Susie's Reviews > Dead End in Norvelt

Dead End in Norvelt by Jack Gantos
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Mar 25, 12

Read in March, 2012

I adored this book, and was sorry when it was over. Somewhere (twitter? titletalk? a listserv?) I heard a recommendation for the audio book, read by Gantos, and was so glad that I experienced it that way. Even the title works on so many different levels. I was a huge proponent for Okay for Now for the Newbery, but I can now see why this won. There are interesting parallels between the two books: male main character in the '60's, important relationship with a much-older non-family member who imparts a lot of wisdom and draws out talent, and somewhat convoluted endings that included things I could have done without.

I have read reviews that complained about history being somewhat twisted in the book, but any child's recollections would have similar disparities. I found myself looking up Norvelt, Antony and Cleopatra, and several other references in the book. And, what was that UFO? (I looked it up.) I created notes via evernote for things I wanted to look up when I was finished.

Gantos has such a way with words and humor. I wonder how many people on the roads looked at me with suspicion as I was laughing out loud as I listened in the car. Images of Miss Volker cooking her hands, dialing the phone with her toes, cauterizing Jack's nose, Mr. Spizz on a tricycle, and Jack passing gas to save a deer were just a few of the great images Gantos paints. You can tell that Gantos took time to write and rewrite to get the phrases just right, such as, "I wiped Mr. Spizz out of my mind just as quickly as I wiped the blood away on the back of my hand". I have seen a fascinating video of Gantos talking about his journaling and writing style via teachingbooks.net, and appreciate the process that he uses.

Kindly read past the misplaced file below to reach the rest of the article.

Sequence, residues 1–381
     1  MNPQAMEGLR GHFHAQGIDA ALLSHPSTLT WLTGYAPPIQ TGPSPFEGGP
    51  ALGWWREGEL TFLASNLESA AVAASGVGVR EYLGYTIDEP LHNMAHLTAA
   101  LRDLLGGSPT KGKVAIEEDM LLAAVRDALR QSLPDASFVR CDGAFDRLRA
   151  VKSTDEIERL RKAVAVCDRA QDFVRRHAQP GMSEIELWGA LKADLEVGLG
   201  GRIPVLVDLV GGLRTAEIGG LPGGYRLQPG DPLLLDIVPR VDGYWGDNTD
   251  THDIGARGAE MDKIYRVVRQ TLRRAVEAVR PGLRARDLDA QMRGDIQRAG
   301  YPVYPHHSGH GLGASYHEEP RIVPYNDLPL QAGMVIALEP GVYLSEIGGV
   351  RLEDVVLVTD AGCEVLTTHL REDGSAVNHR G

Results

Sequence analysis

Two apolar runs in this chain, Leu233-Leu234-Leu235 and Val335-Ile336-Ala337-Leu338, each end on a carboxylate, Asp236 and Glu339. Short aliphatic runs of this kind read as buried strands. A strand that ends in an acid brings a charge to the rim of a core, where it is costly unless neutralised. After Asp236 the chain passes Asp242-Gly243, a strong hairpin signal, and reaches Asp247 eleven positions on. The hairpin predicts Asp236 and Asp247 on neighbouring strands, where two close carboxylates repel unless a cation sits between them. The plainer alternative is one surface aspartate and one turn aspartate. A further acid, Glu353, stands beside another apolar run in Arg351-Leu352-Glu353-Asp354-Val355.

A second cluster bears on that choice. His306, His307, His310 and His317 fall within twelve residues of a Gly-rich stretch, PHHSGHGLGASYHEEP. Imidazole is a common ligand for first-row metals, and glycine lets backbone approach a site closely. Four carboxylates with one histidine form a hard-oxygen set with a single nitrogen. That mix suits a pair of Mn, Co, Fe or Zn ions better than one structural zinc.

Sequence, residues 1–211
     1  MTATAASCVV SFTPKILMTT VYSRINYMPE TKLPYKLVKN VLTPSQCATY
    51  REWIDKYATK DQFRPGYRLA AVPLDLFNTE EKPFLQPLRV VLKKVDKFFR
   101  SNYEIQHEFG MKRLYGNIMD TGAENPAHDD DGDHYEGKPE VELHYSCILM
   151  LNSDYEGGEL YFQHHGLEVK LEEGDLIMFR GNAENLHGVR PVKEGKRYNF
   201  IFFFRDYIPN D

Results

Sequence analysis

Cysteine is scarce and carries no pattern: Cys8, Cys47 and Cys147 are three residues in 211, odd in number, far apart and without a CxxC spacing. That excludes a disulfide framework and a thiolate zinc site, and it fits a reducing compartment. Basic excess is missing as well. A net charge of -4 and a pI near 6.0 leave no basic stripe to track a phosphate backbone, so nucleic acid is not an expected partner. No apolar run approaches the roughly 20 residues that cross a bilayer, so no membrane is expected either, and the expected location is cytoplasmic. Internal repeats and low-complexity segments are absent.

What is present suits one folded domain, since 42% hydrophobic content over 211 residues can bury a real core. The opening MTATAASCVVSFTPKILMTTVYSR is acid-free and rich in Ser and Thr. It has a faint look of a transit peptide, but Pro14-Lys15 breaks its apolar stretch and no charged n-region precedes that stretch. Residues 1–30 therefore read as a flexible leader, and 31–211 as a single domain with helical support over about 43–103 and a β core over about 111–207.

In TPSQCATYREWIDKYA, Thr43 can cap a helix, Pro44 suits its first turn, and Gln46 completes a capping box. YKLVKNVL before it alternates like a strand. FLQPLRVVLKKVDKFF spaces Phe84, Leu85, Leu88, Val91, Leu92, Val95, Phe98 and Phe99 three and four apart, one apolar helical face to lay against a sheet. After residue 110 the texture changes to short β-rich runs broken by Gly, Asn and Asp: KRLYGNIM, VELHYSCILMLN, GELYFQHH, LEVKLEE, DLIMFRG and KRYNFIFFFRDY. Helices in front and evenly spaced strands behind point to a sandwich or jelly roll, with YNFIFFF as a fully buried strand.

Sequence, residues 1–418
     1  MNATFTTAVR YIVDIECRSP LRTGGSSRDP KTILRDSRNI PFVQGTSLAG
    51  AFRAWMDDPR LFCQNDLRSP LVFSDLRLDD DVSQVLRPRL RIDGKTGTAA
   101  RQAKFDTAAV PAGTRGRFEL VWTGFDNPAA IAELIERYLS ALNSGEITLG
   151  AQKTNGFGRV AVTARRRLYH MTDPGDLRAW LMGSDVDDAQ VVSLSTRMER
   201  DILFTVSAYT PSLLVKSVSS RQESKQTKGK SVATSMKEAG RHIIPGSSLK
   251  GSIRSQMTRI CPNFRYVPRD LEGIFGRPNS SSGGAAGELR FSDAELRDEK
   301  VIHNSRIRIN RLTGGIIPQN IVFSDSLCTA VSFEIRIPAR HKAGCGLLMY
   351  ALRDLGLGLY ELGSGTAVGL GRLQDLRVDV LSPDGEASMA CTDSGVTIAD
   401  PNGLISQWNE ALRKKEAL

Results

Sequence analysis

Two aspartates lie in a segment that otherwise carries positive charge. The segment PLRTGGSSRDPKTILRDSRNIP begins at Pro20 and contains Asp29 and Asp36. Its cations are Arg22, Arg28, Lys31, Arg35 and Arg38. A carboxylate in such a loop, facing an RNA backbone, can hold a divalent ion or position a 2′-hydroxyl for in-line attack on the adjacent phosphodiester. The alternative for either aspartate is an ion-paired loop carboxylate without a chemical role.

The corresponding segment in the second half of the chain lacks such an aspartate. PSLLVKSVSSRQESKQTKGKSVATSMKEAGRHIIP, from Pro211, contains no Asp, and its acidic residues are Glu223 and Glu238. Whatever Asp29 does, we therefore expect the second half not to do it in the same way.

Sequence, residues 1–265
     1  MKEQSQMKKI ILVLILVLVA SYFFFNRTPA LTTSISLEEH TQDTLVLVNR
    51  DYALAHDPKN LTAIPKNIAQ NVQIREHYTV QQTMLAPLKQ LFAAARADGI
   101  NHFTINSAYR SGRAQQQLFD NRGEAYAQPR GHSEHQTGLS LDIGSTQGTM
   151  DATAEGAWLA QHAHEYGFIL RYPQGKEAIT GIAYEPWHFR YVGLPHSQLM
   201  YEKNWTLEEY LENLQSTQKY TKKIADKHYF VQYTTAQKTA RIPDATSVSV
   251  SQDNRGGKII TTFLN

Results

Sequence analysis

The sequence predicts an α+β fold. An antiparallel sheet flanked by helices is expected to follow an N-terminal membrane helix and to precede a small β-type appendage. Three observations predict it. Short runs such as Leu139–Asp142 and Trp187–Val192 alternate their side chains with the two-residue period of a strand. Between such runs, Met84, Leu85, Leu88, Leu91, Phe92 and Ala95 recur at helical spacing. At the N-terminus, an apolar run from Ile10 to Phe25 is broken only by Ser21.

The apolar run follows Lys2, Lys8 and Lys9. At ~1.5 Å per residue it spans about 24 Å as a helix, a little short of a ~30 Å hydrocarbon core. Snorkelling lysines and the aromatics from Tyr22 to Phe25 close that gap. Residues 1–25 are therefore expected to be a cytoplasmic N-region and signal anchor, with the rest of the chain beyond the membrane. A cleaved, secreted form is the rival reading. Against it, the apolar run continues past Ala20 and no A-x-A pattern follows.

While I don't necessarily agree with all of Gantos's views (and I would ask students: How much of Miss Volker's views do you think are really Gantos'?), I learned so much from this book. I wish students would get an appreciation of history as demonstrated by Jack. To me, the obituaries were often a highlight. They reinforce the idea that "Everyone Has a Story", a feature I enjoy on the CBS Evening News with Steve Hartman. Too many of these stories are at risk of being lost. Will today's children have such interesting, varied lives? Their hardships are often quite different than what these Norvelters experienced. Coincidentally, a 90-year-old patron of many arts who rose from poverty to ultimately become a millionaire died this week in Indianapolis, and when I read her actual obituary, I was reminded of the book.

I would have liked to know more about the Hell's Angels. They can't be too happy about their portrayal in the book. Would you send a Girl Scout out alone at 10 pm to watch for arsonists?

Even though I have my qualms about a few elements, I thought this was a wonderful book, one that I will remember well.
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